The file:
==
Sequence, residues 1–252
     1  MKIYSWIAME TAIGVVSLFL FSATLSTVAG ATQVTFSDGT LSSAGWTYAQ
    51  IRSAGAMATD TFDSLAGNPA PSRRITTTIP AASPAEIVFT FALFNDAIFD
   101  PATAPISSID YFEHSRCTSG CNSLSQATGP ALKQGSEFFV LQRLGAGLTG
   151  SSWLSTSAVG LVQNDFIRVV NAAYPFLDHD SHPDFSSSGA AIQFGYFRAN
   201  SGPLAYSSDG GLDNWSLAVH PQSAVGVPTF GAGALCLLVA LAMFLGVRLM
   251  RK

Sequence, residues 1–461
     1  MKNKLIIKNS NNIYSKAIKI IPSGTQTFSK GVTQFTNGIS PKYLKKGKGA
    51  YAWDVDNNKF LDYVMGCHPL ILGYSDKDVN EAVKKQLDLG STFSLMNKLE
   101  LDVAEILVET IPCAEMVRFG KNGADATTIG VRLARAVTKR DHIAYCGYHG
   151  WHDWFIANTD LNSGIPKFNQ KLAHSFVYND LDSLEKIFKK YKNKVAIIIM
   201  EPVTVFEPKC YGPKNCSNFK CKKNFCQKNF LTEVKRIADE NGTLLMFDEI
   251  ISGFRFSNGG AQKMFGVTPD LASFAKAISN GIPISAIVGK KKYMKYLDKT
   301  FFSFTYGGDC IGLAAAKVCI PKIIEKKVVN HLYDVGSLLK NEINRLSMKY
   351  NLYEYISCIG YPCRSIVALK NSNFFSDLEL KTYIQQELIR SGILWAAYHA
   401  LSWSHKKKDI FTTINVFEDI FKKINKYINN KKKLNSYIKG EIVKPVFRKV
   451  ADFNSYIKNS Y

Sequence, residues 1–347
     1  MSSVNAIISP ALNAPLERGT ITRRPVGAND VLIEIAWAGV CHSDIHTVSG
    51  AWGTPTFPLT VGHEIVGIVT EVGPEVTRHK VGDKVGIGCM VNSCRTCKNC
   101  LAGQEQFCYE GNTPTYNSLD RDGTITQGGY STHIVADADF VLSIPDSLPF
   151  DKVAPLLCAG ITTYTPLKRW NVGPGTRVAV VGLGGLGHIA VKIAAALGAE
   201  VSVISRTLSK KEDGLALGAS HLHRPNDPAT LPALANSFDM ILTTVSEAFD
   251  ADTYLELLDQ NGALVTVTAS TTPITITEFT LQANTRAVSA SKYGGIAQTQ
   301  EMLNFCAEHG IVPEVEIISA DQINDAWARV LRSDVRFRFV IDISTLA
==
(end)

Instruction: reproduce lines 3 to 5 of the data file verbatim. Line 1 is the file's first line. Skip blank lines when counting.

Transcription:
    51  IRSAGAMATD TFDSLAGNPA PSRRITTTIP AASPAEIVFT FALFNDAIFD
   101  PATAPISSID YFEHSRCTSG CNSLSQATGP ALKQGSEFFV LQRLGAGLTG
   151  SSWLSTSAVG LVQNDFIRVV NAAYPFLDHD SHPDFSSSGA AIQFGYFRAN